Since I interviewed SyncThink at Couchbase Connect, they've been busy. In November, SyncThink announced another big partnership for EYE-SYNC, their mobile brain health technology (Pac-12 partners with SyncThink to further support student-athlete health and well-being).
The demo has a cool science fiction element when you see Beeler's eyes on the tablet screen, but the purpose is practical: help medical professionals in the field to identify possible concussion symptoms. Or, as SyncThink puts it:
EYE-SYNC is an FDA Class II medical device that is an integrated, head-mounted eye-tracking virtual reality system used for recording, viewing and analyzing eye movements in support of identifying visual tracking impairment.
Head injuries need mobile health tech
But there's more to EYE-SYNC than eye-tracking goggles and a tablet app. As Beeler explained to me in San Jose, SyncThink uses a cloud platform powered by Couchbase's NoSQL database to support its brain health analytics mission.
The EYE-SYNC app is informed by years of clinical research - and an unusual research partner. Teaming with the Brain Trauma Foundation, SyncThink got plenty of clinical research support from the U.S. Army. And what was the U.S. Army's interest in the research? Beeler:
They had a lot of solders coming back from Iraq and Afghanistan. One of five deployed service members from Iraq suffers a traumatic brain injury, all the way from concussions to something more severe. They are incentivized to hide that injury. They want to get back out in the field and help their buddies. So, the Army needs objective metrics that are mobile, and field deployable.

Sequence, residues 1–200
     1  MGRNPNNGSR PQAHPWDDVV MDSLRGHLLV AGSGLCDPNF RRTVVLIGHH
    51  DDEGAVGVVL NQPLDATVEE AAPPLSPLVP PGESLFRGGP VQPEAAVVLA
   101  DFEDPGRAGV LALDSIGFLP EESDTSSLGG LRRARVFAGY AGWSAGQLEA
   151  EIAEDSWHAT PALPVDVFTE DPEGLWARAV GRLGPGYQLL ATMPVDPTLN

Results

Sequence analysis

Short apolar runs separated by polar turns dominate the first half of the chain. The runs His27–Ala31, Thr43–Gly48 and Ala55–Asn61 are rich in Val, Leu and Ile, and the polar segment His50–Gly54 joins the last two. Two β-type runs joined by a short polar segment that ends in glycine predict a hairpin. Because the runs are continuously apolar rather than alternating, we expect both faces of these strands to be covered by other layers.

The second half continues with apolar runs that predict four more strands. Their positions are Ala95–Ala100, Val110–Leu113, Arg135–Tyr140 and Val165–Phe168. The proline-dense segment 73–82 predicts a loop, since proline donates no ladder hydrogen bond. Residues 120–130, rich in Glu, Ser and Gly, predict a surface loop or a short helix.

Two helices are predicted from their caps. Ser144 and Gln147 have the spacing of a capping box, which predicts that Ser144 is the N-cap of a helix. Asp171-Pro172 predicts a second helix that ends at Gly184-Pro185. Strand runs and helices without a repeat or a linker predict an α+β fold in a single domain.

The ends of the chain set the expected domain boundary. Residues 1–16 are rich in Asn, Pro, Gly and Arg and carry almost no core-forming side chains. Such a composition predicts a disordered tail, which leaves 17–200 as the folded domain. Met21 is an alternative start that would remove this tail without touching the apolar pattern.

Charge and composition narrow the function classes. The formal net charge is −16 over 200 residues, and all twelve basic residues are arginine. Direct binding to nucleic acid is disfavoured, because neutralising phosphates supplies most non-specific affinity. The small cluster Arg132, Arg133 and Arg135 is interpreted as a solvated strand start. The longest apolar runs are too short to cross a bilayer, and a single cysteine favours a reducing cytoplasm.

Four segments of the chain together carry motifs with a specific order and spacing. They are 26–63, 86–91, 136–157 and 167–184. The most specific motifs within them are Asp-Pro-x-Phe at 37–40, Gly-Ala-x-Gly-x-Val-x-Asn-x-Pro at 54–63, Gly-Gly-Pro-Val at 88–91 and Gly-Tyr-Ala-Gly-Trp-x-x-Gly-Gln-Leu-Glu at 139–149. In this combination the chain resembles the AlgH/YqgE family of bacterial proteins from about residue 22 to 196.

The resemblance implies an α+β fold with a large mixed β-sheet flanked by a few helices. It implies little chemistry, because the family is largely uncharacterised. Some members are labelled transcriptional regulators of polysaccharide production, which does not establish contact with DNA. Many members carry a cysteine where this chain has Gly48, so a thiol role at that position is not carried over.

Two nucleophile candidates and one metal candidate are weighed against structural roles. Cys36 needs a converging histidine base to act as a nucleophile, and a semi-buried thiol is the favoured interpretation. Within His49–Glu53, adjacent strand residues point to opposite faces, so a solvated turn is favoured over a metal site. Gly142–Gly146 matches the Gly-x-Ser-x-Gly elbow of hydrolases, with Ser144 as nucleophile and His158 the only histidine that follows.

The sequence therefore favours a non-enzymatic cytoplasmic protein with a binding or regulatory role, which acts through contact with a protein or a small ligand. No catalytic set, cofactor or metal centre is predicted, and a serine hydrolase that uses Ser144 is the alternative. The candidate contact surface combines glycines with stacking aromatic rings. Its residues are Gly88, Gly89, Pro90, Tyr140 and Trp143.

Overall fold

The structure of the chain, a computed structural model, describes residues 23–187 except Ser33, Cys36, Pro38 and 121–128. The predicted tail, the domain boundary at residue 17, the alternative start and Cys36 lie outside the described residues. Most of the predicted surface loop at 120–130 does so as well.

Beeler says the inspiration behind EYE-SYNC goes well beyond the military:
Supporting the military is definitely a goal of ours. But the issue of head injuries are certainly larger than that. We provide the same field deployable objectives to stakeholders like team physicians, athletic trainers, sports medicine, and physical therapists.
For sporting events, brain health tests should be mobile, but also fast enough to get folks back into the game, or, alternately, to give the evidence to hold an athlete out:
We want to provide this objective data to help make better decisions on the sidelines during treatment.
Here's our five minute EYE-SYNC demo video from Couchbase Connect:
As Beeler explains, the key metric in EYE-SYNC is something called "visual tension":
Our primary metrics involve assessment of visual tension. It's something you need to orient yourself in a moving world. And, if you have an impairment, then you're just going go back out in the field and risk another injury.
How does the test work?
Our premier technology is an eye tracking technology, so we track eye movements. It takes about 60 seconds to provide an automated analysis. And, it's the perfect objective first step in evaluation. If there is an impairment, then you can move onto technologies that could use eye tracking to evaluate balance, cognitive state, mood anxiety, or headaches.
Diagnosing the head is complicated stuff. You could have a brain injury, an inner ear vestibular issue, or a neck injury. All produce symptoms that overlap with signs of a concussion. EYE-SYNC, which has been on the market since 2016, can help to distinguish between these types of impairments.
Why Couchbase? Moving EYE-SYNC to the cloud